Also, the strategy of making each constant override a method to provide specific behavior can be a valid approach and may be the best choice for certain behaviors. An Enum for arithmetic operations comes to mind, where ADD.exec() would do something differently from MULT.exec(). This, BTW, might be a good example where your display value is very different from your constant name, in which case I would probably go with Campbell's approach.

However, if there is a method in Enum that is already provided that can help you achieve what you want, you should probably use that instead. For example, Enum constants also have a built-in ordinal() method that returns their source order as a zero-based index value. This complements the static values() method I mentioned earlier. You need to be careful with adding any custom logic that may contradict this logical ordering of the Enum values. I'm almost certain that this ordinal value is what is used by the Enum.compareTo() method.
 
Paweł Baczyński
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Junilu, you are right
Javadoc for Enum says:
public final int compareTo(E o)

Compares this enum with the specified object for order. Returns a negative integer, zero, or a positive integer as this object is less than, equal to, or greater than the specified object. Enum constants are only comparable to other enum constants of the same enum type. The natural order implemented by this method is the order in which the constants are declared.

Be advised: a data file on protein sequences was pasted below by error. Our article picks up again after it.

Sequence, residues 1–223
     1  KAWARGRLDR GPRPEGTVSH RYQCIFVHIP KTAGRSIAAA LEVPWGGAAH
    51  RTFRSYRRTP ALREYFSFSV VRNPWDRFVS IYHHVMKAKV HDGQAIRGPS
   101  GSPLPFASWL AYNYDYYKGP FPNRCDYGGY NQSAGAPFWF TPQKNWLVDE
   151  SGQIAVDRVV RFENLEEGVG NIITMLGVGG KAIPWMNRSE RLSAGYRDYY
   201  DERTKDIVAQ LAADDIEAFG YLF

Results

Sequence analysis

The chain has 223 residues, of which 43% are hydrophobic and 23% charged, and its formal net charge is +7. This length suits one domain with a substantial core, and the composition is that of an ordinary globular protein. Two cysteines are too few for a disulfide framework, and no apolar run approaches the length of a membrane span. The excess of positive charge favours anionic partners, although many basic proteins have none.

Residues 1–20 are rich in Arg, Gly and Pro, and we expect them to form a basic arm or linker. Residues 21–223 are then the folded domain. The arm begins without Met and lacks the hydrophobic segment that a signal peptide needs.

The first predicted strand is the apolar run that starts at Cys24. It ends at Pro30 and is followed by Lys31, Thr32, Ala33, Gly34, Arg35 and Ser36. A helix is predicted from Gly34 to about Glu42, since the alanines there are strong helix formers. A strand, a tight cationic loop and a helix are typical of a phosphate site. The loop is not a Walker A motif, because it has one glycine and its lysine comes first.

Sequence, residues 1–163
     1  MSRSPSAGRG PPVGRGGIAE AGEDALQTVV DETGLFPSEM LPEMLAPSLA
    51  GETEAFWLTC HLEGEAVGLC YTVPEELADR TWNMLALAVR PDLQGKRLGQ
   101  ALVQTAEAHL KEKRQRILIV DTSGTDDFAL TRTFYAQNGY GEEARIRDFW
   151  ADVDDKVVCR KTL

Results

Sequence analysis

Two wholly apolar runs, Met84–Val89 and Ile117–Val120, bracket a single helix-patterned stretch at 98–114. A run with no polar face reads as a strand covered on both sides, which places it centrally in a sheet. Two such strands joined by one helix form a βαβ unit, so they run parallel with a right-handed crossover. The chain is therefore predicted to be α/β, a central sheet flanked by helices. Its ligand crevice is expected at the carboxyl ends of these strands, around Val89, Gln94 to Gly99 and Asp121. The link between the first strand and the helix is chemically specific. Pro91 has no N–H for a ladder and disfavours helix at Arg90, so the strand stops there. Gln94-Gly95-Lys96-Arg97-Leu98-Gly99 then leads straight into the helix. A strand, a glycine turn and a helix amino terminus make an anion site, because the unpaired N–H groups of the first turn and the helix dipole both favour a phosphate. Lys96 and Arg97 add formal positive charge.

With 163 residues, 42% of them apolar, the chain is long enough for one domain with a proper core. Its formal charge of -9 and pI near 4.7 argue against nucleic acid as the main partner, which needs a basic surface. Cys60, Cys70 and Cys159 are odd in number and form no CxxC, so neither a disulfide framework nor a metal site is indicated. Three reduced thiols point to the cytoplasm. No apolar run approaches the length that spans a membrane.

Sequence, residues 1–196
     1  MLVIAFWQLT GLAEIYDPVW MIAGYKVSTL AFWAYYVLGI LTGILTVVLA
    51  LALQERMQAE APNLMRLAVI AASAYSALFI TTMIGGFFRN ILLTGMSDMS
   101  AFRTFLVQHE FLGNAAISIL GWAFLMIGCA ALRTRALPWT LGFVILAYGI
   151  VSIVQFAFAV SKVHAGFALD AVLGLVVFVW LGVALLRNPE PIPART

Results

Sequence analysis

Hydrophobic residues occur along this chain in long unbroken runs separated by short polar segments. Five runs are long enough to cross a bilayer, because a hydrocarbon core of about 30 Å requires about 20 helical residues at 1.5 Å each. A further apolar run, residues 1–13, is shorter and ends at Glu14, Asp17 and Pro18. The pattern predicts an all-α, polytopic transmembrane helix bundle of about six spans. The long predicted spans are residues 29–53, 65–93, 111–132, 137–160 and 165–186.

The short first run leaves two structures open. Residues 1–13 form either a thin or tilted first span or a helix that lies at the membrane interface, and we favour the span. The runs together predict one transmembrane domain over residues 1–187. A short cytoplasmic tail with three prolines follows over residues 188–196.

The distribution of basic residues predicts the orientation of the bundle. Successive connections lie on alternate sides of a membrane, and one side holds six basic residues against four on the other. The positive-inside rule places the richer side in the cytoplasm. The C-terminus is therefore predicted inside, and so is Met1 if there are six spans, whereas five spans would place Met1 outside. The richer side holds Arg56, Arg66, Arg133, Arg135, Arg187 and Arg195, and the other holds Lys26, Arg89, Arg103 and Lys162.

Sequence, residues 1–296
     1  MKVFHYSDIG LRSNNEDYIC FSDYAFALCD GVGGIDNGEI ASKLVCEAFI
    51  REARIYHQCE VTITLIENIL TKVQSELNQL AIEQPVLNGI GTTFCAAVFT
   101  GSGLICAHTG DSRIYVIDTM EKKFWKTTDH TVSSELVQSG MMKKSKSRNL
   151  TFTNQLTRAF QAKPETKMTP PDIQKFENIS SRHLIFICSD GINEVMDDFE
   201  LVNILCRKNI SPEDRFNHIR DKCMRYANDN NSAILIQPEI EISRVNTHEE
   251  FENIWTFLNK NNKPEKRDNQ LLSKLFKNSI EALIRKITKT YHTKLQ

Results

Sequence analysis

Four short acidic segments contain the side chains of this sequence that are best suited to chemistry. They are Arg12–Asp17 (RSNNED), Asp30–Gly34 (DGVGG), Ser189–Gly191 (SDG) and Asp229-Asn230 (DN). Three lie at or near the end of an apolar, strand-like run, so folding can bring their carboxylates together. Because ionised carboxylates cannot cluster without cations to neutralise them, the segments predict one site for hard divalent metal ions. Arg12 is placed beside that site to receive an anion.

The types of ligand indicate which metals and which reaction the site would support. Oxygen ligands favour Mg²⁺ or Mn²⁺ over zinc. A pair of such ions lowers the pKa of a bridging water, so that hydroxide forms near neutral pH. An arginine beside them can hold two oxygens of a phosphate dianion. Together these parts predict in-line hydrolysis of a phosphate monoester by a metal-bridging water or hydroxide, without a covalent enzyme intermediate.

Winston Gutkowski
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Kevin Hamrick wrote:But I wanted a way to exclude a coin, like say Half Dollar. I suspect I would need to do it in the calculateChange method but I am not sure how to implement. Any ideas?

I reckon you're fairly close, and you're certainly right to keep your Change enum separate from your MakeChange class; except that, like the others, I'd call it Coin, since that's what it describes.

One thing that doesn't seem to have been mentioned is that enums have lovely things called EnumSets, which you could easily populate based on what kinds are available in your "machine" (or till). Alternatively (and possibly better), you could use an EnumMap<Coin, AtomicInteger> to maintain the "state" of your till.

HIH

Winston
 
Junilu Lacar
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Winston Gutkowski wrote:One thing that doesn't seem to have been mentioned is that enums have lovely things called EnumSets, which you could easily populate based on what kinds are available in your "machine" (or till). Alternatively (and possibly better), you could use an EnumMap<Coin, AtomicInteger> to maintain the "state" of your till.

Great point. Thanks for that, Winston!
 
Tushar Goel
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Good to see you back Winston after long time.
 
Winston Gutkowski
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Tushar Goel wrote:Good to see you back Winston after long time.

Thanks Tushar. I've just completed a move from Belgium to the UK, and am currently on an extended holiday in Canada, so my opportunities for Ranching have been limited. After the first week of June, you should see me on a lot more.

Winston